Two Great White sharks caught in fishing nets of Korean coast
To Koreans, an attack by sharks as in ``Jaws'' used to be something that happened in other countries far away from here. But it may not be so now, as sharks have been seen along the coasts here in recent months.
The National Fisheries Research and Development Institute has warned vacationers visiting beaches to pay attention to sharks between May and September, saying the country is no longer a shark-free region.
The growing danger is due to rising sea temperatures and the expansion of warm currents to the peninsula. ``With the warm currents flowing toward the country, sharks' prey such as mackerel and squid, are coming to the coast, and sharks are following them,'' Kim Jung-nyun, a researcher at the institute, said.
Korea used to have reports of sharks in the Yellow Sea and sometimes off southern shores as well, but now sharks are found in the East Sea even though temperatures are relatively lower _ in February and March, two great white sharks were caught in fishing nets near Mukho Port, measuring 3.5 and 4.7 meters in length, respectively, and weighing 1 and 1.5 tons.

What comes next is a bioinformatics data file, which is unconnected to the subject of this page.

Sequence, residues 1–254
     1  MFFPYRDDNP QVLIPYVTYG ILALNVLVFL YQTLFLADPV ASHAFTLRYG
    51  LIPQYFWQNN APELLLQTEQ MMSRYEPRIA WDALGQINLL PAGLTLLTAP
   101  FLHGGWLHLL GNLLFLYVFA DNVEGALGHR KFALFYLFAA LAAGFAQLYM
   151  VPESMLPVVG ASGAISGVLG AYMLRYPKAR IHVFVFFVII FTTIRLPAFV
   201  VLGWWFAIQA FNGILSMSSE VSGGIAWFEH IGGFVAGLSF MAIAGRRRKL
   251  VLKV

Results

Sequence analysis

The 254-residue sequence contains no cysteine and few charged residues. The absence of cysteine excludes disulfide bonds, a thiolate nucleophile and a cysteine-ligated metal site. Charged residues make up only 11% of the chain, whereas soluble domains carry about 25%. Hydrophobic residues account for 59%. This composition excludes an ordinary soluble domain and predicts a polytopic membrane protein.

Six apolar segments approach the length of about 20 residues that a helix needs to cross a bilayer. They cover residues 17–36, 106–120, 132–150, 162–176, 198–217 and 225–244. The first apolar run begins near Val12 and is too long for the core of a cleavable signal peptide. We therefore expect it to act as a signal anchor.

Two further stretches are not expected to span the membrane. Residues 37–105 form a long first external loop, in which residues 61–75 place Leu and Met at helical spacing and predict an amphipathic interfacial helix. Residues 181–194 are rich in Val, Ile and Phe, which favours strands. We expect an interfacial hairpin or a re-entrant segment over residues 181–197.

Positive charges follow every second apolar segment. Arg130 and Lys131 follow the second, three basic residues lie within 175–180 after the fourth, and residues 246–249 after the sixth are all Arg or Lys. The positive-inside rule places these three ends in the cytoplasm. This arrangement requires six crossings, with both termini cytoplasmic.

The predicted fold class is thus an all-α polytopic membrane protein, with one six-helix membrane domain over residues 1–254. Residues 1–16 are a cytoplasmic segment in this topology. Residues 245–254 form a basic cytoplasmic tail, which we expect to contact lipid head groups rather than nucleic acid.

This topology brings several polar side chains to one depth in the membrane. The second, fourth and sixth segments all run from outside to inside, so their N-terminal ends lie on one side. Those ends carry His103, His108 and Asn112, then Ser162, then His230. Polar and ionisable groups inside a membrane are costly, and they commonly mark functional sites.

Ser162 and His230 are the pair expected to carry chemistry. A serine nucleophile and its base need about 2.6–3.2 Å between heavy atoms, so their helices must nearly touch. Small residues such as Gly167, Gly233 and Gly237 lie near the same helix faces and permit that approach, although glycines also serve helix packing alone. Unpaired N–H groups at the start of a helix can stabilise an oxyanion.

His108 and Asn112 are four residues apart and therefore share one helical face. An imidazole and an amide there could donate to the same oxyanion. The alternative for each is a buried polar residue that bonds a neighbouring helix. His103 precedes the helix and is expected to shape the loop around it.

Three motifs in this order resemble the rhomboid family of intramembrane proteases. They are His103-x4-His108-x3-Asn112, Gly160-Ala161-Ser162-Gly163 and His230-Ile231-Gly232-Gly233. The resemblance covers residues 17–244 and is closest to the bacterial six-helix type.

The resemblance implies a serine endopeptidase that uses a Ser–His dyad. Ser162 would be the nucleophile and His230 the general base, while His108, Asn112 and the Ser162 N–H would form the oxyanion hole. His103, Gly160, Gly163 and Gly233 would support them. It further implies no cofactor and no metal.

``Two sharks were caught in the early spring, even though the seawater temperature was not that high. Korea now needs to prepare for possible danger from sharks,'' Kim said.
According to the institute, great whites, shortfin makos, hammerheads, copper sharks and whale sharks are likely to appear off the Korean coast.
``On the west coast, there were six deaths from shark attacks over the last 20 years, and most of the victims were women divers. Korea has not had a report yet of a shark attack on a swimmer on the beach, but beach management authorities are coming up with preventive measures,'' Kim said.
Haeundae Beach in Busan, one of the most popular summer vacation spots, recently bought shark-repelling devices from Australia. The device, to be attached to jet skis, emits pulses of a 5-meter radius for six to seven hours, and can be used 45 meters below sea level.
Those enjoying leisure pursuits on the seashore, such as scuba divers, are advised to be careful. ``People are advised not to swim alone; at night; and when they are bleeding. When encountering a shark, they should not provoke it even if it is a small one, but just should get back to the beach quietly. It is also advisable for divers to tie ropes or belts on their ankles to make themselves look longer and bigger, as sharks do not attack an object larger than themselves,'' he said.
He also said that when a shark attacks, people are advised to hit its nose, where sensory organs are gathered, with wooden or iron poles, and then it will swim away.
By Kim Rahn